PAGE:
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The examples for using MovingAverage mostly refer to data evenly spaced in time,such as stock values. In typical physics data, events arrive random in time (e.g. radio active decay events, but also if acting in day trading on the stock market). I do not see how I can use the apparatus of MovingAverage and associated evaluations in this case. Do I not understand the function, or should I go ahead and invent my own functions?

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  • $\begingroup$ Make a TimeSeries object from your data, then use TimeSeriesResample to get an evenly sampled version from it, then use MovingAverage. $\endgroup$ – MarcoB Feb 12 at 13:31
  • $\begingroup$ No, that is not good: never add or remove data points. This is like "fake data", may look a handy tool but can lead to trouble in later analysis. I think I have the solution, in my second remark. $\endgroup$ – Hans W Feb 12 at 14:56
  • $\begingroup$ Sure. I'd expect the result to be the same, since I expect that TimeSeriesResample would do a linear interpolation over the missing range, and the MovingMap with a Quantity[1, "Hours"] window that you proposed in comments below would probably do the same for you, but behind the scenes. I don't see how else it could possible average over data that is not there. $\endgroup$ – MarcoB Feb 12 at 15:47
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By default the MovingAverage could be applied for 1-D lists but regarding to your case, you need make the TemporalData from your {t,y} list:

y= Table[RandomReal[{-1, 1}] + 5 Sin[i/(6 Pi)], {i, 1, 100}];
t = Table[i + RandomReal[{-0.3, 0.3}], {i, 1, 100}]; (*As you see, the timestamps contain random shifts*)
td = TemporalData[y, {t}];

ListPlot[{td, MovingAverage[td, 5]},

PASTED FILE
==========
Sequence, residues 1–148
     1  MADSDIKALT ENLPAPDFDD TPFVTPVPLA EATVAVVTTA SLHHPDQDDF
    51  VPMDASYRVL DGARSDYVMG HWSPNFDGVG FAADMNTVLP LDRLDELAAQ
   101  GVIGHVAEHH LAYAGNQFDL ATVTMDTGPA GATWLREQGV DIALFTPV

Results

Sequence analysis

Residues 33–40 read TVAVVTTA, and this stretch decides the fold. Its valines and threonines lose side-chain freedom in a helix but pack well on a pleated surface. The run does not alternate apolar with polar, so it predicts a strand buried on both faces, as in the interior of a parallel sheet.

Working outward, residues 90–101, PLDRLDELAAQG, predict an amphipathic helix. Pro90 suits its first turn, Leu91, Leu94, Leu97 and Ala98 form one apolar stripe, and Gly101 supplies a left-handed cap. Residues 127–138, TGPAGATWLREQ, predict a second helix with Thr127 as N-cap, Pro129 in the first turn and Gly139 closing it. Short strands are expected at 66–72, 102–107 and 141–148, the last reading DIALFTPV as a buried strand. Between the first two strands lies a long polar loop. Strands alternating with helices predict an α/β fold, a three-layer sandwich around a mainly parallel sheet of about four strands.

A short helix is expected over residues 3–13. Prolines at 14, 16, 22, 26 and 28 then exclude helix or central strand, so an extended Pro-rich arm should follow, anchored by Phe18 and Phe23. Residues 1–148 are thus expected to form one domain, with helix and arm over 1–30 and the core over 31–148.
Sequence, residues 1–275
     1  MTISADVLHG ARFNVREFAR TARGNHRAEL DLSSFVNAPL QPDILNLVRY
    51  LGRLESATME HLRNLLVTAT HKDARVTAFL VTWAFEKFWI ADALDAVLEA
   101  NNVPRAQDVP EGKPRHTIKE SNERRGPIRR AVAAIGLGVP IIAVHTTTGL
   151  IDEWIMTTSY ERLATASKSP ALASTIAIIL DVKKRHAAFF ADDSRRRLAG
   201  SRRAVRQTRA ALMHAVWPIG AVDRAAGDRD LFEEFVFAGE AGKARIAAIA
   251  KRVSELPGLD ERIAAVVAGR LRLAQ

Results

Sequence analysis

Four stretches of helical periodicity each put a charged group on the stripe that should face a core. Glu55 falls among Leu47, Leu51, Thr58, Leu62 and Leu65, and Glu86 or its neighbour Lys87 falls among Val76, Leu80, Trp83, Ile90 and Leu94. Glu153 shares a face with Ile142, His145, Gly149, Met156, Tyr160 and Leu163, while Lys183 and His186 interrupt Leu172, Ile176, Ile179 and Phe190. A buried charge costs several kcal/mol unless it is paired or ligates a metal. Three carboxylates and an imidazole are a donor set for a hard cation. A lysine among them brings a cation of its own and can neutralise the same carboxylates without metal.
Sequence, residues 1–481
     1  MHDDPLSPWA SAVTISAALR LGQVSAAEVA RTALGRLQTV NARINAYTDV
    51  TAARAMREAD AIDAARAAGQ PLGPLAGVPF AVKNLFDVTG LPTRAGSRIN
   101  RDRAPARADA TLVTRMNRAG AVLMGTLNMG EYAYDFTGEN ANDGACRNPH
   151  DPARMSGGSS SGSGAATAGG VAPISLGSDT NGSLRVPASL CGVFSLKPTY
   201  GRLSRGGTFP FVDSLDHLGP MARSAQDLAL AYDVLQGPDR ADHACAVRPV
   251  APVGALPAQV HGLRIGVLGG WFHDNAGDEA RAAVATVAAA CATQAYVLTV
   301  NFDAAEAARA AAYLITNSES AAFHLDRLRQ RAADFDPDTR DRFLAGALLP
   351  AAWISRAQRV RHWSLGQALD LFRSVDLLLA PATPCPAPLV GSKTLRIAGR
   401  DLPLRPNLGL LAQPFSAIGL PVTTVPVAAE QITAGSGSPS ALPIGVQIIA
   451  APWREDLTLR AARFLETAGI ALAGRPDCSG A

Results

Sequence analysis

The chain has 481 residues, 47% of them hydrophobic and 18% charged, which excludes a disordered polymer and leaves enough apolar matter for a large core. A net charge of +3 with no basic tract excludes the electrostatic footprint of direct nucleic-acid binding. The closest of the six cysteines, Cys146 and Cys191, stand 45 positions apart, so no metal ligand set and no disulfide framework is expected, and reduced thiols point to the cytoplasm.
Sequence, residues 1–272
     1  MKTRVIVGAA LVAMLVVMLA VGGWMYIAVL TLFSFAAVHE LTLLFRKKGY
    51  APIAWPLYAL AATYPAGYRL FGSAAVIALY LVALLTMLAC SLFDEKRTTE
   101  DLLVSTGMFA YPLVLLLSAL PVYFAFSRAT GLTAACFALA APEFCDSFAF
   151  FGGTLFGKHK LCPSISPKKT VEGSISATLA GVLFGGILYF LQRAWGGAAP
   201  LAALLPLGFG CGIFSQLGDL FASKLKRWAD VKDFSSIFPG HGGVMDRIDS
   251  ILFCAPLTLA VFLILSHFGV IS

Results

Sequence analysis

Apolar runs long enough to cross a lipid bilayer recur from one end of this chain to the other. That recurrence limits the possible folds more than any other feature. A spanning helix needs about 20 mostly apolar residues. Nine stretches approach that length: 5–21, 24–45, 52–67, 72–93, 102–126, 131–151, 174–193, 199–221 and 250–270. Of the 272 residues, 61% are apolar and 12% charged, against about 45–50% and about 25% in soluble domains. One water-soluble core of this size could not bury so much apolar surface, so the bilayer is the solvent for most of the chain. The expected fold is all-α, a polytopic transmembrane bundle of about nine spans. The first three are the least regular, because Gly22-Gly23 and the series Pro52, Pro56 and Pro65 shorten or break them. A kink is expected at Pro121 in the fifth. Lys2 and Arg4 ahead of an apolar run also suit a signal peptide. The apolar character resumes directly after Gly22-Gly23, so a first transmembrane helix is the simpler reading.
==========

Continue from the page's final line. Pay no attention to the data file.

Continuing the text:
PlotMarkers -> {Automatic, None},
 Joined -> {False, True},
 ImageSize -> 800,
 PlotStyle -> {Directive[Lighter[Blue, 0.5]], 
   Directive[Red, Thick]}]

enter image description here

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  • $\begingroup$ Thank you, but still I am not quite happy: The moving average is now averaged over 5 neighboring points and not over time. To get the average event rate I need the number of events within the averaging time window and divide by the window width. $\endgroup$ – Hans W Feb 12 at 12:37
  • $\begingroup$ Have to change my comment: I can indeed average over time using for the time in the temporal data datelists and averaging with Quantity[1,"Hours"] . Would not have guessed from the documentation. Thanks again. $\endgroup$ – Hans W Feb 12 at 13:45
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    $\begingroup$ @HansW, the fundamental sense of the moving average is namely about moving the aver-window from data point to data point but not from timestamp to timestamp. $\endgroup$ – Rom38 Feb 12 at 15:08
  • $\begingroup$ What you calculate is an event average, I need a time average. Another aspect is that in comparing moving averages for different averaging windows, the results are out of phase by half a window. This is because it averages data all prior to the data point for which the average is made. This is also visible in the plot you made. The red curve needs to be moved by 2.5 to straddle the data. Is there a simple fix? $\endgroup$ – Hans W Feb 12 at 17:29
  • $\begingroup$ @HansW, the time-averaging requires another filters. The MoAv deals namely with your sample points by the definition of MoAv. The shift of the red curve occurres due to the principle of MoAv - it takes an array of N-points and returns the N-r+1 points when av-window size is r. In my example r=5 and the averaged array is shorter than initial for 4 points (the new timestamps of TemporalData take it in account). $\endgroup$ – Rom38 Feb 13 at 13:06

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